Military academy

Date: 4/10/2019

By MissKate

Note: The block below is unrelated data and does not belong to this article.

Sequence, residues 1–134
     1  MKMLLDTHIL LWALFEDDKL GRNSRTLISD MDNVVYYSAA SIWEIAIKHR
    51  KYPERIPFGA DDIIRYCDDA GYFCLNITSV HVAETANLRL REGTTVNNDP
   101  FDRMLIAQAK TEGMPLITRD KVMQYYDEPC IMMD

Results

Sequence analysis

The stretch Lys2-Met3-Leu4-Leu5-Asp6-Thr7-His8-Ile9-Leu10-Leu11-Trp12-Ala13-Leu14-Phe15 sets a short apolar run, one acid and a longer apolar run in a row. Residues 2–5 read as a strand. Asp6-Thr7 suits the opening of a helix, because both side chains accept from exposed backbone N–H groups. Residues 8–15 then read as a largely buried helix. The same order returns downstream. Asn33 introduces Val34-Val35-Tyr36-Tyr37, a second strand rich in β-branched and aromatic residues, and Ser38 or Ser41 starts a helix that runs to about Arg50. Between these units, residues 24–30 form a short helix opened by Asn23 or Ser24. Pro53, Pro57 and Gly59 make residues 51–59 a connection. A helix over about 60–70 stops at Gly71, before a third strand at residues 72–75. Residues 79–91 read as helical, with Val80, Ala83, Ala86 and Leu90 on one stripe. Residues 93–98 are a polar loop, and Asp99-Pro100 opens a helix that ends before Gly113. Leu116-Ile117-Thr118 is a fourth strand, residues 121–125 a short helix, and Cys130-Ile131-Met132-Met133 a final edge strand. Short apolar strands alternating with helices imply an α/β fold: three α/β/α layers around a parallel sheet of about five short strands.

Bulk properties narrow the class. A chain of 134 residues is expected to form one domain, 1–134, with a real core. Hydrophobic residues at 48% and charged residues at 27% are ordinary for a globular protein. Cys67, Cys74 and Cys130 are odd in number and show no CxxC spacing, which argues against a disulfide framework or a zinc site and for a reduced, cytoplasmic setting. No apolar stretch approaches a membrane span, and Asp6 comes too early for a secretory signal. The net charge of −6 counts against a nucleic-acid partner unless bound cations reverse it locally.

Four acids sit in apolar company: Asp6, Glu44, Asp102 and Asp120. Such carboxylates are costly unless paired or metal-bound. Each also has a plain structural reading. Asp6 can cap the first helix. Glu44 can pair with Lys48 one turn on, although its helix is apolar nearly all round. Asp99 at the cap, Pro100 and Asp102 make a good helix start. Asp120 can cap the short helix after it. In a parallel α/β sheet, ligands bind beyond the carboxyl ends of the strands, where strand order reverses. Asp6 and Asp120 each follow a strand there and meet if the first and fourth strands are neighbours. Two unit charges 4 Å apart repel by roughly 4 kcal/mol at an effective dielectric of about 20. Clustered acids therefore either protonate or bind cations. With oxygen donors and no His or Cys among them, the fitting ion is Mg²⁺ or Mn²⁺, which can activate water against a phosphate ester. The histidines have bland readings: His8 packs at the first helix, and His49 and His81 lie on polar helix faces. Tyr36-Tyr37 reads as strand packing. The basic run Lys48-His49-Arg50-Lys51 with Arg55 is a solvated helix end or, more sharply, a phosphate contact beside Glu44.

I find myself at the enlisting office of the military academy. My friend, M, is there because I told her what I was doing and she is joining too. At the enlisting booth, I go through the various things I’m seeking and hear what the army can offer from a bold lady in uniform. I like her. She’s charismatic but also seems to have integrity. However, this lady goes off shift and another recruiter comes in. He’s sleazy as all hell and just as I’m about to sign the form, he starts groping me. I get up, yell, “back off, asshole!” And flee the recruiting desk. In the next room, I see my friend M getting sworn in with a bunch of other recruits. One really shady guy swearing the oath gives me a look that gives me the chills - I leave the building. Afterwards, M comes out. She is really radiant and has a sense of purpose about what she’s doing. I feel guilty. We were going to enlist together. She is surprised I didn’t. When I ask how her husband and kids are going to feel about it, she smiles and blithely says, “it’ll be an adjustment. But I’m excited about this new stage in my life!” As I go back to my civilian life, it quickly dawns on me that I have no job prospects without a degree and I can’t afford a degree without joining the military. I also can’t deal with my life at that current time and so the possibility of “escaping it all” to enlist and get deployed sounds more appealing than ever. I come back, despite my anxiety about facing the groping officer again, and enlist, determined to get strong and get my confidence and self respect back. Shortly after enlisting, basic training begins. I say goodbye to my daughter. I feel sad and guilty even though she is pretty chipper about the whole business. I don’t see my son. I realize now I’m going to have to censor what I write. The military reads everything. I put my large journal away and instead carry a small notebook for the most cursory of notes. I feel concerns that I should tell my parents not to write everything that’s on their mind as the military will read it first before it gets to me. I realize my communications with everyone else are going to have to be more veiled and less frivolous too. At one point, I lose my group. They’ve gone to a lesson in one of the military classrooms. First day and I’m already lost. I wander the hallways, then come out near a train station. All I can see are civilians - but finally I find a restricted entrance - and my classmates. My teacher (the recruitment lady I admired at the beginning) raises an eyebrow to me as if to question where exactly I’d been. I told her, I lost sight of my group. Lesson learned, I wouldn’t let it happen again. I’d stick close to them in future. She seemed satisfied with that explanation.